Talk with an eye doctor about how often you should have a comprehensive exam. Recommendations can vary per person, depending on your age, health, and ethnicity.

For example, the Centers for Disease Control and Prevention (CDC) Trusted Source Centers for Disease Control and Prevention (CDC) Governmental authority Go to source recommends that people with diabetes get a dilated eye exam at least once a year.

Central retinal vein occlusion diagnosis

A comprehensive dilated eye exam is the primary method of diagnosing CRVO and ruling out other conditions. Also, an eye doctor may scan the retina to look for signs of swelling.

Other tests that can help diagnose CRVO include:

Doctors may also ask about your:

  • symptoms
  • medical history
  • family medical history

Central retinal vein occlusion treatment

The primary aim of CRVO treatment is to protect your vision by preventing further swelling and bleeding.

Treatment options include Trusted Source PubMed Central Highly respected database from the National Institutes of Health Go to source :

  • Anti-VEGF medications: A doctor injects these medications into the eye to prevent and reduce swelling and bleeding. They can also help stop neovascularization.
  • Steroid medications: Steroid injections may help reduce swelling.
  • Laser therapy: Panretinal photocoagulation (PRP) uses a laser to make tiny, deliberate burns in the retina. This can help stop bleeding and prevent pressure in the eye from increasing too much. Doctors may recommend PRP only for severe CRVO.
  • Vitrectomy: Vitrectomy Trusted Source PubMed Central Highly respected database from the National Institutes of Health Go to source surgery allows doctors to remove blood and other debris that may have developed due to CRVO.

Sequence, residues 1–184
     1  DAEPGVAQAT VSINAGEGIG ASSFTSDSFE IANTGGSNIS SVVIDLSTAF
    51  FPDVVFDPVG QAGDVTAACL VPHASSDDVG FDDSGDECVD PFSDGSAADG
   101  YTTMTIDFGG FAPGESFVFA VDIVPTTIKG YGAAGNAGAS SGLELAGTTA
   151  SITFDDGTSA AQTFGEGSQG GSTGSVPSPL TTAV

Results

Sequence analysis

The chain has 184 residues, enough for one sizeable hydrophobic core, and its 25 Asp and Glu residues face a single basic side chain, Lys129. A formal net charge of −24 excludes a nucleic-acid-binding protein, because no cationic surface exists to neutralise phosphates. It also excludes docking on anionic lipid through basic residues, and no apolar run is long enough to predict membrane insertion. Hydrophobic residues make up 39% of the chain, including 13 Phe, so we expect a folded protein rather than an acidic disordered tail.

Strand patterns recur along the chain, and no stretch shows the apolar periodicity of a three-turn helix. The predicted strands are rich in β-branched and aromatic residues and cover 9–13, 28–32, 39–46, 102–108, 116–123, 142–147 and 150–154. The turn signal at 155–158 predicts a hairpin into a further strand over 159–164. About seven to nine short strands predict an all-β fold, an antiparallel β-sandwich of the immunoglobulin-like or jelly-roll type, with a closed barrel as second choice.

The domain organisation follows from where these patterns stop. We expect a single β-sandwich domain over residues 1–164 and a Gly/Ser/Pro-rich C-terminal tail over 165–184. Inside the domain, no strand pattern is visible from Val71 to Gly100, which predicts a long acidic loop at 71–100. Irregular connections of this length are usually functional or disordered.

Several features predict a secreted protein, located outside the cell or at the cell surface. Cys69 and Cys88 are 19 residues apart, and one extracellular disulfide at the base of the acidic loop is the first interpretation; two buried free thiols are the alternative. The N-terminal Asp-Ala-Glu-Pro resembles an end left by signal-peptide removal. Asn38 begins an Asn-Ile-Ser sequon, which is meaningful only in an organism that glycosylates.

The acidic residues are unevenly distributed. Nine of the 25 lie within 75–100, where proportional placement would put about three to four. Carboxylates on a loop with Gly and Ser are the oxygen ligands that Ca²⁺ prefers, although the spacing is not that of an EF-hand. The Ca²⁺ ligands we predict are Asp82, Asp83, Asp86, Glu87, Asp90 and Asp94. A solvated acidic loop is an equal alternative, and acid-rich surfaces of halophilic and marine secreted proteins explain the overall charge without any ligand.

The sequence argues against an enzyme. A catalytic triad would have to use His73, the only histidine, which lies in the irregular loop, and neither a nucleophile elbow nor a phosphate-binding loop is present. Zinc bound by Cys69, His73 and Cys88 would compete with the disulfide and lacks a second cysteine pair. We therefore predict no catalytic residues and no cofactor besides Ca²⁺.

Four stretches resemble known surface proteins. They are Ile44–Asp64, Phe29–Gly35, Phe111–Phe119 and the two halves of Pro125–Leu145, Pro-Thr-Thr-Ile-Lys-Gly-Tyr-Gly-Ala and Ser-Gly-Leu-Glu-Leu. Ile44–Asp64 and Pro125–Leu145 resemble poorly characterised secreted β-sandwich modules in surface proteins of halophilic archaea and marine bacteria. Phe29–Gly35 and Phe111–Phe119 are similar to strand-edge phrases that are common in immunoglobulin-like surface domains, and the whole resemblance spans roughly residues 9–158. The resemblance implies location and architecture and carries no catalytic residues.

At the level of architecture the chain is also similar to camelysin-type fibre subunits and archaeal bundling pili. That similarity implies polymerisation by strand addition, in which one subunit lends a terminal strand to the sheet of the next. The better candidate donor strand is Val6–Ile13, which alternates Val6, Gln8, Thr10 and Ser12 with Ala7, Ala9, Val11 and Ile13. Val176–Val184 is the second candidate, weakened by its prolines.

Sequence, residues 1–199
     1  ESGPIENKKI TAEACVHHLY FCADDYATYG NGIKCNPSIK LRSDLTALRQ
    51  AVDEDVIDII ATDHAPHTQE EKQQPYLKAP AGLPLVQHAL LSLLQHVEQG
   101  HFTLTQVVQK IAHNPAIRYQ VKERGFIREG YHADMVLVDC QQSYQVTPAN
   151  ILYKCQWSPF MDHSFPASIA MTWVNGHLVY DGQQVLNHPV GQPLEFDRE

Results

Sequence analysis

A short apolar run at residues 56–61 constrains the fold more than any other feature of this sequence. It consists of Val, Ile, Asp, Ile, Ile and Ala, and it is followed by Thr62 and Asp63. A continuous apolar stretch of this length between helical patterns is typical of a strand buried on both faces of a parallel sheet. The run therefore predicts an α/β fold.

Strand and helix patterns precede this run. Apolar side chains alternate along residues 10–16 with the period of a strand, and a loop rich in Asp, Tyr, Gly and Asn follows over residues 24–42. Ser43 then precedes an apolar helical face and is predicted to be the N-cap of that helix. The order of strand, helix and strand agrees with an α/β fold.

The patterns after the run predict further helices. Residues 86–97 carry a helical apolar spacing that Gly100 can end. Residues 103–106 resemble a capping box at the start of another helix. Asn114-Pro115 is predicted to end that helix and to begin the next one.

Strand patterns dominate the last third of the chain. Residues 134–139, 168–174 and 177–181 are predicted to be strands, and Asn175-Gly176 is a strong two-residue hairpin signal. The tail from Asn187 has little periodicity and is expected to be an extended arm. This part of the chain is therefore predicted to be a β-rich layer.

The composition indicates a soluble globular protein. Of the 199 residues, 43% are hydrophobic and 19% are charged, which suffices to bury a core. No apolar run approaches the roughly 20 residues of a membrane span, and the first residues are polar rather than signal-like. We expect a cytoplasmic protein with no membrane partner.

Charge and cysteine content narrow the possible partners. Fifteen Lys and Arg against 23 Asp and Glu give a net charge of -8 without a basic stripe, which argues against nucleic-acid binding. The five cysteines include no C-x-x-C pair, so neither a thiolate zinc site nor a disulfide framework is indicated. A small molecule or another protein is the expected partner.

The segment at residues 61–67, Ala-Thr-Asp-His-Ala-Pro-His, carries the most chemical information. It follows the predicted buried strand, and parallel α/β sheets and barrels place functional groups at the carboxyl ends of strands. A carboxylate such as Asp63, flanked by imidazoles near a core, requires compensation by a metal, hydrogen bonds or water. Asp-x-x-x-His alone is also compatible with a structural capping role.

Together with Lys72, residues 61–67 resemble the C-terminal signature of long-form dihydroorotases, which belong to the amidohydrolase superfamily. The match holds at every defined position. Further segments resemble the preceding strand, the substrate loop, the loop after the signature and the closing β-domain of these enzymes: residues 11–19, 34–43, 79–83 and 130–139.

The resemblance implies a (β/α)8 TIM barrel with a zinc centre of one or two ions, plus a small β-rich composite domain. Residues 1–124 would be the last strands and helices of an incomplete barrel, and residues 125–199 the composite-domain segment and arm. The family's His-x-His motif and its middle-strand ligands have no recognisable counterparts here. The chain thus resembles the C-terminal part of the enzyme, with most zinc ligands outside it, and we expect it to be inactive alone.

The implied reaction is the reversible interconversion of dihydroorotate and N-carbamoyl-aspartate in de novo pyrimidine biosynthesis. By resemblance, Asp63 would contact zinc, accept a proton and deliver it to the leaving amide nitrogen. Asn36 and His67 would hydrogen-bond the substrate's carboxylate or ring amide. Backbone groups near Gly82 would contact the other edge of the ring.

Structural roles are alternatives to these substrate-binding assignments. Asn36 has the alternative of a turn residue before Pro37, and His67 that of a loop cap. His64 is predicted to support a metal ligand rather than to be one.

Learn more about injections for macular edema and vitrectomy surgery.

Central retinal vein occlusion prevention and management

Experts do not know the cause of CRVO, and there are no specific ways to prevent it. 

However, the following steps may help lower your risk of CRVO and support your overall eye health:

  • following your doctor’s recommendations for any health conditions you have
  • avoiding smoking or using tobacco
  • getting regular physical activity
  • maintaining a moderate weight
  • eating a balanced diet as recommended by a doctor or registered dietitian

Nutritional needs can vary per person, but a balanced diet that supports eye health typically includes:

  • eating a variety of fruits and vegetables
  • prioritizing whole grains, lean proteins, and oily fish
  • limiting your intake of:
    • sodium or salt
    • added sugar
    • saturated fats
    • refined grains, such as white bread, rice, and pasta

Learn more about nutrients to include and vision loss prevention.

Central retinal vein occlusion outlook

The outlook of CRVO can vary from person to person. 

A 2023 review Trusted Source PubMed Central Highly respected database from the National Institutes of Health Go to source suggests that CRVO may have better outcomes in younger people.

In some cases, CRVO may improve without treatment, whereas in others, it may worsen. 

CRVO can also lead to permanent vision loss. Most often, vision impairments with CRVO occur due to developing chronic macular edema.

However, early and effective treatment can help prevent or stop vision loss.

Talk with a doctor for personalized advice about your outlook and treatment.

Find more support for blindness and vision loss.


CRVO is when the main vein of the retina becomes blocked, causing swelling and eye damage.

Researchers do not yet know the cause of CRVO. However, health conditions such as diabetes and high blood pressure may raise your risks.

As CRVO and other eye conditions may not initially cause symptoms, regular eye checkups protect your vision.

Talk with a doctor as soon as possible if you notice any eye symptoms or have questions about CRVO.

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Medical Reviewer: Katherine E. Duncan, MD
Last Review Date: 2024 May 10